New rules from 6 April 2021

IR35 rules affect those workers who provide a personal service to an end client via a company in which the worker has a material interest. Typically a worker has 100% ownership of their company, but these rules start to apply where a worker has a material interest of 5%. 

 

The personal service company is called the intermediary. 

 

Since April 2017, where the end client is in the public sector, the end client is the one responsible for assessing if the worker is a deemed employee and will be responsible for deducting PAYE and NIC before making payments to the worker. 

 

Where the end client is in the private sector, the responsibility for assessing if the worker is a deemed employee rests with the intermediary.

 

The public sector includes government departments, executive agencies, local authorities, companies owned/ controlled by public sector, universities, parish councils, the National Health Service.

 

New rules from 6 April 2021

 

These new rules will roll out the rules that currently apply to the public sector to the private sector.

 

It will apply to all medium and large private sector organisations. But small private sector companies are exempt.

 

A small company is defined as meeting two of the following three conditions:

Less than £10.2m of turnover

Less than £5.1m of assets 

Less than 50 employees

 

However where a small company is a subsidiary in a medium or large group, it will not be exempt.

 

An unincorporated business is also small if its turnover is less than £10.2m. 

 

The rules from 6 April 2021:

 

From 6 April 2021, medium and large private sector organisations will now be responsible for assessing if the workers they hire are in disguised employment i.e. if they should be taxed as employees rather than as self-employed. 

 

If a worker is assessed to be a deemed employee, then PAYE and NICs must be deducted from payments made to the worker.

 

This applies to services provided by a worker through an intermediary (a personal service company) after 6 April 2021. 

 

Small non-public sector companies are not responsible for assessing the tax status of workers they hire. This responsibility continues to lie with the intermediary (the personal service company).

 

Clients in both private and public sector will have to take reasonable care in issuing a status determination statement to the worker as well as to the agency they deal with directly. The status determination sets out, with reasons, whether the worker is in disguised employment or not. From 6 April 2020, every contract will have to be assessed.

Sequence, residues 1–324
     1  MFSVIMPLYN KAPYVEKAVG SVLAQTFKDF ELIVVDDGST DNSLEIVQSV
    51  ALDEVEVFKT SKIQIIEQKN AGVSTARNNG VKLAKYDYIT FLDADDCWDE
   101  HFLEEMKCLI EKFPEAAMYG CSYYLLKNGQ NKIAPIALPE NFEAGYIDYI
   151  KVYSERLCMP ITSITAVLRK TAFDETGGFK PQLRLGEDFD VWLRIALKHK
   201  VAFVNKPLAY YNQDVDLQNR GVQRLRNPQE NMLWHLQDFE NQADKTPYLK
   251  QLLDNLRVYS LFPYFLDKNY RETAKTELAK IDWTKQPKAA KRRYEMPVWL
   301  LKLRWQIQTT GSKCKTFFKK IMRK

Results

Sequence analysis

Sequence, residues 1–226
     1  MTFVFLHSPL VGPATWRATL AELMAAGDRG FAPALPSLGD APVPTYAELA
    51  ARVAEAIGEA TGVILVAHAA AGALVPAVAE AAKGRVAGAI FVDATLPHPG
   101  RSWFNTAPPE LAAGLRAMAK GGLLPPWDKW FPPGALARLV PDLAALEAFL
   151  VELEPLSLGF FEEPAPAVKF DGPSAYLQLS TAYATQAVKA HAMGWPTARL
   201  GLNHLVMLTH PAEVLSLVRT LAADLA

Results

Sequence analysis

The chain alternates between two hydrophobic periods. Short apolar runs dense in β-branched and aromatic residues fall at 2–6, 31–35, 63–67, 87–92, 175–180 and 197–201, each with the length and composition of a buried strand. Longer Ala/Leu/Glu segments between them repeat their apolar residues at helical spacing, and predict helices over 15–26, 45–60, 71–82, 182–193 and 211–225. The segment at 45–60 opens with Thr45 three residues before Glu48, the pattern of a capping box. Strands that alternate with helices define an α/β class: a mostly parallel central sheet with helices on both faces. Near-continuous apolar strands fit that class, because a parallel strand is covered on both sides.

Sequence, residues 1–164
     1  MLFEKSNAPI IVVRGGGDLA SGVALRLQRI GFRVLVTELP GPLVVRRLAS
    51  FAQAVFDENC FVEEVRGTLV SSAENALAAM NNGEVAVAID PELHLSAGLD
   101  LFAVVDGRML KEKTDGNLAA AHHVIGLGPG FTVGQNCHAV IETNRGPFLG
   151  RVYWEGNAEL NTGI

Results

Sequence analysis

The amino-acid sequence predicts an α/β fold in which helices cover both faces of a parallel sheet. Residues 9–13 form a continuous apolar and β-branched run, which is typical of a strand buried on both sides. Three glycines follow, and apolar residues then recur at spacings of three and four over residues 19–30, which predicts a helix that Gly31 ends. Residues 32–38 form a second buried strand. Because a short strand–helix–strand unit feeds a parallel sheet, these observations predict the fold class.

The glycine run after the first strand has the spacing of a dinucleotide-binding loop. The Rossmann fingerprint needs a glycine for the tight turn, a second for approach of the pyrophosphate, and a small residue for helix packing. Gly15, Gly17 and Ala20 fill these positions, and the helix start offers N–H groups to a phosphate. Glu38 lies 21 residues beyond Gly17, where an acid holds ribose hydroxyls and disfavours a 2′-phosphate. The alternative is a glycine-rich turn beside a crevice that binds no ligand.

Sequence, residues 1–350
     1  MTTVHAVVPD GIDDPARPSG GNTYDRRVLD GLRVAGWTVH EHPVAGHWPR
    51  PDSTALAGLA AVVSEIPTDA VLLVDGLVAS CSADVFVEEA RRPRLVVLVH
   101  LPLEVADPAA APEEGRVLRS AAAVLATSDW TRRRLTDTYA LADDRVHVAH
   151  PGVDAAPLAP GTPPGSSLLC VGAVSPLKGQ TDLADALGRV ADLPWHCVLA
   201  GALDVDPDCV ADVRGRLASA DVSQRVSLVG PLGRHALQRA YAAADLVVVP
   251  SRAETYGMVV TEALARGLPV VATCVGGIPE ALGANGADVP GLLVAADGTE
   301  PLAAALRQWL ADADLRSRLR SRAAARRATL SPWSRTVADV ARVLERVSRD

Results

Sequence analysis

Clients (both private and public sector) will have to set up a status disagreement process to deal with any disagreements on the status determination from the worker or the fee payer (the organisation in the contractual chain that makes payments to the worker).

 

Non-compliance by the client will result in the client being directly responsible for the PAYE and NIC on payments to workers.

 

There will be a legal obligation on clients to provide information, when requested, on their size to intermediaries and workers.

 

HMRC have indicated they will take a light touch approach to penalties.

 

Due to the impact of Covid -19, HMRC have announced that the roll out of the new rules will be deferred to

 

What do these changes mean to Contractors

 

From 6 April 2021, if you work through a personal service company for  a client that is a medium or large organisation, then the client will assess whether you are a deemed employee or not. 

 

This applies to all contracts that you have. 

 

If you are assessed to be a deemed employee then the client will deduct any PAYE/NIC from before making any payments to you.

 

If you are not assessed to be a deemed employee, then your personal service company remain responsible for paying any tax due.

 

If the client is a small organisation in the private sector (defined above), then your personal service company remains responsible for paying any tax due.

 

If you have any queries or would like advice, please contact Clayton Accountants. 


Call

E-mail